My Lords, I, too, would like to thank the noble Lord, Lord Lilley, for this debate, but I cannot support his Bill. The Bill does not really address the crisis in social care, which has been deepened by the Government. There has been a 38% real-terms cut in local authority funding since 2010; we have an expensive and unfair system of means testing and caps; and there is obsession with privatisation. The involvement of private equity and hedge funds has been disastrous. Some 11% of the income of private equity disappears into servicing contrived loans, leaving far less for front-line services. Also, the Care Quality Commission has been an ineffective regulator.

This Bill would create a divisive system to help a few rich people. Currently, around 50% of social care expenditure is on working-age adults, not the elderly. The Bill offers nothing to them. Its concentration on home owners also deepens social divisions. For example, only 20% of black African households own their home, so they would be abandoned by this Bill. Due to low incomes and high house prices, home ownership is declining, at 63% now compared to 71% in 2003. Many retirees are still paying their mortgages and do not have £16,000 just hanging around. The median household gross savings in the UK is around £11,000, and 25% of households have less than £1,800. Poor pensioners are already using equity release schemes to make ends meet, never mind finding an extra £16,000.

The only way forward is for us to have a free social care system funded by general taxation. This can be done without increasing the basic or the 40% marginal rate of income tax or national insurance contributions for the masses. For example, £14 billion a year can be raised by taxing capital gains in the same way as earned income, £10 billion can be raised by restricting tax relief on pension contributions to 20% for everybody, and a modest level of financial transaction tax and wealth tax can raise billions. Since 2010, HMRC has failed to collect around £350 billion of taxes due to avoidance, evasion and errors. A clamp-down on tax abuse, and investment in HMRC, can pay big dividends. There are resources, and they are available, to fund completely free, universal social care for everyone. The only barrier is the Government’s ideology.

My Lords, I thank my noble friend for bringing this Bill to your Lordships’ House. It is an important Bill. I want to refer to my interest in the register as an adult social care provider for 21 years. Knowing the sector rather better than some of your Lordships, I would like to dismiss a few myths but also include some of the things that we should have addressed, not just today but many decades ago.

A crisis in social care is not a crisis of the last five or 10 years; it has been an ongoing crisis for a very long time. It is also important to note—and I address this directly to the noble Lord, Lord Hendy—that some of our providers are small businesses. Mine is a small business, and 75% of the people who work in my organisation have been with me for at least 15 years or more. So it is about the way we treat our care staff.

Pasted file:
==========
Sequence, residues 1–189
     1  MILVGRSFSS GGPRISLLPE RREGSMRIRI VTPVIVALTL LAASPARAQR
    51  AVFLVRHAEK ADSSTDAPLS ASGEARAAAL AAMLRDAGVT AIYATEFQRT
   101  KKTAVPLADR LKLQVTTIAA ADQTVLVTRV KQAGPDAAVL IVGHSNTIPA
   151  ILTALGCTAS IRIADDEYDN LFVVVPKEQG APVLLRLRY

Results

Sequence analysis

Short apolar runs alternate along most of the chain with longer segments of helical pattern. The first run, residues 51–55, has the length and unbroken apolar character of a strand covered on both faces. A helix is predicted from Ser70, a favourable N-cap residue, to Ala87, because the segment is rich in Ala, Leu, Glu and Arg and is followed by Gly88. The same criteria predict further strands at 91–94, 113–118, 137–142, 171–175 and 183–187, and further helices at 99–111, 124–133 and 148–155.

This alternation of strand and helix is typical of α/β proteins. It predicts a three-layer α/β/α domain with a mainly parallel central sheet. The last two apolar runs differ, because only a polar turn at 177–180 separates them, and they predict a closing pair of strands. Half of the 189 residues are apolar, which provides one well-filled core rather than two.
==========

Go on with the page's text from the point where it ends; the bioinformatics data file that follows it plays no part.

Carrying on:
The fact we have been unable to professionalise and make people see it as a profession, by paying with a decent funding stream, is part of the problem. As I have raised on several occasions in your Lordships’ House, if we are to make sure the NHS is not overwhelmed, a serious look at social care, which actually prevents many people going to the NHS, will be a necessary and honest discussion. We know we need to protect the NHS, but we need to protect the social care sector as well. We are all living longer, but whether we are living healthier and longer is a different argument. As we all know, burdens on the NHS increase as we live longer.

We have never had an honest debate about the NHS and social care, side by side, and we need to have one. They are two sides of the same coin. While we can discuss lots of alternatives, it is important that this debate, yet again, enables us to look at alternative solutions. Ultimately, it is the duty of us all to ensure that, at whatever age we need support, it is available and we are not discriminated against simply because our illness or need is not recognised for NHS cover. I hope that, when the Government bring forward their Bill, we have a strong and robust discussion on social care needs.

My Lords, the noble Lord, Lord Lilley, approaches this issue with decades of experience and genuine concern. I congratulate him on at least attempting to provide a partial answer to the problem of funding social care. His insurance scheme has superficial attractions but, as others have spelt out, a more far-reaching solution is required. As the noble Lord, Lord Davies of Brixton, said earlier, in his first speech at Downing Street the Prime Minister promised us he had an “oven-ready” solution. He may at last have decided that a new tax is the answer, but that will not deal with the fundamental flaws in the system.

I wholeheartedly support the speeches, including those of my noble friend Lord Best and the noble Baroness, Lady Altmann, that advocated doing away with the distinction between health and social care. A report of the Joseph Rowntree Foundation 25 years ago was right then and is even more so today. Most people are in care homes because they are not in good health. The pandemic has highlighted the poor health of large sections of our society. We know that the poorer parts of society have lower life expectancy and can expect to live out their final years in less good health than those at the other end of the wealth spectrum. Such inequalities would only be exacerbated by the Bill. Only 63% of our population are home owners and that proportion is shrinking.